Kurds Ring in New Year


Providence Journal



An ethnic group with a language but no country to call its own, the Kurds turn to the new-year celebration symbol of hope and freedom.




PROVIDENCE - Mehmet Akbas lit the wick of a thick pillar candle entwined by circles of barbed wire, opening ceremonies at Brown University yesterday marking Newroz, the Kurdish New Year.


And with a nod to the new flame, Akbas called attention both to the renewal of the new-year and the chief honoree of yesterday's event, Leyla Zana, a Kurdish member of the Turkish parliament who had received the European Parliament's peace prize.


Zana, who has exposed human-rights abuses against the Kurds, is serving a 15-year prison term in a Turkish jail and has been declared a prisoner of conscience by Amnesty International, which uses the image of the candle as a symbol of hope.


In Kurdish, Newroz means "new day'! and stands as the name of the new year, which falls on the spring equinox, Akbas told a crowd of about 75 people attending the celebration in the Crystal Room of Alumnae Hall on the Pembroke campus. Dating back, to a rebellion in 612 BC which liberated Kurds and others in the Middle East, the new year's celebration has also come to mean freedom for oppressed people Akbas said.


Three people died in the Turkish city of Mersin last Thursday because of a government ban prohibiting Kurds from celebrating Newroz, according to a statement announcing yesterday's event.


As people, filed into the meeting hall, representatives Of Amnesty International handed out packets urging them to write to Turkish Prime Minister Bulent Ecevit, calling for the immediate release of Leyla Zana.


Engin Akarli, a Turkish scholar in the history department at Brown, said the militant nationalism that shaped the Republic of Turkey is accompanied by a repressive cultural policy.


The Kurds, on the other hand, draw their idea of nationalism from a much earlier, liberal concept that encompasses a rich mixture of ethnic identities, said Akarli who was flanked on one side by the American flag and on the other by the Kurdish colors of red, green and yellow.


Yesterday's celebration featured Ozan Shehrooz on a traditional Kurdish stringed instrument called the saz and Ozan Sinan on the keyboard.


They played folk music about love, oppression, nature, and human relationships, Akbas said. A few Kurdish adults and children danced in step with an upbeat tune, although most of the songs were played in a minor key conveying the melancholy that runs through much Middle Eastern music.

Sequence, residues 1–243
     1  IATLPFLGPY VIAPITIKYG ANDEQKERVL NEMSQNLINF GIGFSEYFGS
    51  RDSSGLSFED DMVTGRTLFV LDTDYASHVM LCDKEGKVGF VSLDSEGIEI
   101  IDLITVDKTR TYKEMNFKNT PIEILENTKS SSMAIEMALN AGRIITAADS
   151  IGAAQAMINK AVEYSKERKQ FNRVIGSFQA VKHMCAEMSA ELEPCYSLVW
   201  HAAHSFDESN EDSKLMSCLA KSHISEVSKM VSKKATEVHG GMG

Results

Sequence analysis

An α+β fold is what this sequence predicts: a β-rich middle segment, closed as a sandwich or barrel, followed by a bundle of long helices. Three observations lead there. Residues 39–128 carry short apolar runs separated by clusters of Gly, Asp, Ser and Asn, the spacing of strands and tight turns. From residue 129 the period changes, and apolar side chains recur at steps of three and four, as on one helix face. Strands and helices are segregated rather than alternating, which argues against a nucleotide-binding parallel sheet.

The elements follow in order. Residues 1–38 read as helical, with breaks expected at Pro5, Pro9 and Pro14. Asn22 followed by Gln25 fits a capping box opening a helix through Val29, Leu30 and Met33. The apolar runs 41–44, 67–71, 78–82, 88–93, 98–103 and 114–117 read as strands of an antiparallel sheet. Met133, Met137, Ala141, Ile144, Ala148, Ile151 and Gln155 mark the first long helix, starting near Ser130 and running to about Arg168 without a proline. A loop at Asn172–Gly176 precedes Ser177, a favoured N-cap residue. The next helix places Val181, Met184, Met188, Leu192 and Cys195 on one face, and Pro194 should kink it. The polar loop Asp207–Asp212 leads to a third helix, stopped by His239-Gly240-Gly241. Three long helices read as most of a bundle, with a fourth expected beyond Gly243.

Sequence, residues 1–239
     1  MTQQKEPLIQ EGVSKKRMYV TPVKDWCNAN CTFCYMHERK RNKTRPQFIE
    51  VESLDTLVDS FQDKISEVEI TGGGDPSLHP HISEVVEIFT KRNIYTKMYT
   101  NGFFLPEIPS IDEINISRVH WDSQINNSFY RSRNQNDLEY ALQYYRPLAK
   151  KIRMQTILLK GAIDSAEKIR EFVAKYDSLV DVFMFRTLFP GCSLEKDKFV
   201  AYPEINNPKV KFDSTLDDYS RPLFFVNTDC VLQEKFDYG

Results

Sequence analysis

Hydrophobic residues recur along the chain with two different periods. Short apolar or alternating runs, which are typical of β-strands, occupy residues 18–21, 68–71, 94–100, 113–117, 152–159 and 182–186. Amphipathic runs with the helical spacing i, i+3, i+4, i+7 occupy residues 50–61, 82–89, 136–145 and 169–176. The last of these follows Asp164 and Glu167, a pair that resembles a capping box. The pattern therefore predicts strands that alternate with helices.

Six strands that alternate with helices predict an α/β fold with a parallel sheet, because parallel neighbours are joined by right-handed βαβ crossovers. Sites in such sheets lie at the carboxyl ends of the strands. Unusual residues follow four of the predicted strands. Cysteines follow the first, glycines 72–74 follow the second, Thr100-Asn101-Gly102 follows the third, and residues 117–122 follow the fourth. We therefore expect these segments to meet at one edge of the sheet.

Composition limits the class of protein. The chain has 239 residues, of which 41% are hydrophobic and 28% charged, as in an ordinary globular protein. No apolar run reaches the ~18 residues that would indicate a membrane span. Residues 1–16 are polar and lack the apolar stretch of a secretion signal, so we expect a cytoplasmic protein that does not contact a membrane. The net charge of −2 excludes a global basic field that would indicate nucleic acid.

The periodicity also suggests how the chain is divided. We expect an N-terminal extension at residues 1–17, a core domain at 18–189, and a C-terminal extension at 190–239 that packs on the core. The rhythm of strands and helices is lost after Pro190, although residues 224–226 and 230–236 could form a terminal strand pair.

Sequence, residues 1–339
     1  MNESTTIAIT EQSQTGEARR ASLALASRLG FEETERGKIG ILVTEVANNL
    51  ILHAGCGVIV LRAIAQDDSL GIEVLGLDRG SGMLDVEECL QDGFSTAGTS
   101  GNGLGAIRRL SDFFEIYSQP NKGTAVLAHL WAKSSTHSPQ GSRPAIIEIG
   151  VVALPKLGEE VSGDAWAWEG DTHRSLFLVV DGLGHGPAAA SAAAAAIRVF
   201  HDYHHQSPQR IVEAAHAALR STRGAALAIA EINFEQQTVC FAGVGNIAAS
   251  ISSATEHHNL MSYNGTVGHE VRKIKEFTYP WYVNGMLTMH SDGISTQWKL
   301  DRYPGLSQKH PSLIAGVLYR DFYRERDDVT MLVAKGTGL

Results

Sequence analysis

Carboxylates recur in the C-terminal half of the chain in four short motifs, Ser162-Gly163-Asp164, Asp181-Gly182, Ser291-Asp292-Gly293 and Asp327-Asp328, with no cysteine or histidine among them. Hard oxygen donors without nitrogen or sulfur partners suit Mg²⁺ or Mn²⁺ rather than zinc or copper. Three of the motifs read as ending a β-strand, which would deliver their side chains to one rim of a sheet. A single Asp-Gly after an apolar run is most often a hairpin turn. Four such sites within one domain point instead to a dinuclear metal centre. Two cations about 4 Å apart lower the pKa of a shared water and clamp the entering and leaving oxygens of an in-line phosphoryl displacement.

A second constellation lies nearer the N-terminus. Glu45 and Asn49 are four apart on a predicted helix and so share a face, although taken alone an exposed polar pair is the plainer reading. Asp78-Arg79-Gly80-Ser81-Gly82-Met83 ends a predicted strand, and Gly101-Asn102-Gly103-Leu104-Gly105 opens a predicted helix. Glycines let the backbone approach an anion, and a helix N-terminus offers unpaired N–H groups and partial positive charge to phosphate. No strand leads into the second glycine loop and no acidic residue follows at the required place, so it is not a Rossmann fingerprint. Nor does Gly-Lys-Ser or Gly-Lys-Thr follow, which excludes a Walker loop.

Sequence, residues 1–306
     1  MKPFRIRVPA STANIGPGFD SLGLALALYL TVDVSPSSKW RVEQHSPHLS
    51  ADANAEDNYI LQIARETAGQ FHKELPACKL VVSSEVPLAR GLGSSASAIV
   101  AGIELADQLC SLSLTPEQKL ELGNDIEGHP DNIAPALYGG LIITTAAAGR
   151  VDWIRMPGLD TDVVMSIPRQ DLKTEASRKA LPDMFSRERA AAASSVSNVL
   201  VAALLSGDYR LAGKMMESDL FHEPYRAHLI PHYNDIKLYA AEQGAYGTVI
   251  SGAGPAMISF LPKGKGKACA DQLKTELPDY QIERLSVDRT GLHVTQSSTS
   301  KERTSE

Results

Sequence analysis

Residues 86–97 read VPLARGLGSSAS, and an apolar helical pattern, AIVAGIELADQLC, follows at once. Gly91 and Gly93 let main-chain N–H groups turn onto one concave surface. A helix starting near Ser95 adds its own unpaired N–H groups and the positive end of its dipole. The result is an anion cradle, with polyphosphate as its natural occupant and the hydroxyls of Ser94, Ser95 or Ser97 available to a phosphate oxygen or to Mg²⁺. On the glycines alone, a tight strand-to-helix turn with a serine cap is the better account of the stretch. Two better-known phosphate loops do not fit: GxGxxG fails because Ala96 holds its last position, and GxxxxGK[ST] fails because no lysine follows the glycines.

A feast of hummus, pita, baklava and other Kurdish specialties awaited the guests at the end of the formal program, which was sponsored by the Brown University and Providence chapters of Amnesty International and the world affairs committee of the First Unitarian Church, as well as the Kurdish-American community in Rhode Island.


The Kurds are an ethnic group with their own language and culture but no country of their own. Kurdistan, the ancient homeland, is a region that overlaps with parts of Iran, Iraq, Syria and Turkey. Turkey has outlawed all expressions of Kurdish identify.




LOOKING TO THE PAST FOR THE FUTURE: Engin Akarli, a Turkish scholar in the history department at Brown University, speaks to those gathered at Brown to celebrate the Kurdish New Year.




3.21.2002 00:15 Day of events planned for Kurdish New Year


The Providence and Brown University chapters of Amnesty International and the World Affairs Committee of the First Unitarian Church will be holding a program in observance of the Kurdish New Year (Newroz 2614) on Sunday.


The event will take place from 2 to 4 p.m. in the Crystal Room of Brown's Alumnae Hall. The event is free and open to the public.


The event will honor Leyla Zana, a Kurdish woman in Turkey who is serving a 15-year prison sentence for peacefully advocating Kurdish rights and for expressing her Kurdish identity.


Elected to the Turkish Parliament, Zana wore a headband with the Kurdish colors, yellow, green and red, at her inauguration, and spoke in Kurdish after taking the oath of office in Turkish. She has been declared a prisoner of conscience by Amnesty International.


The celebration will feature Kurdish music, with a performance by Ozan Chehrooz, singer and master of the Saz, a traditional Kurdish instrument, Kurdish poetry, and Kurdish refreshments.


The program will also include a short overview of the Kurdish story by Professor Engin Akarli, a Turkish scholar in Brown's history department, and Mehmet Akbas, a Kurdish-American born in Turkey.


For more information, call Marcia Lieberman at 831-0720, or Greg Arzoomanian at 454-8763.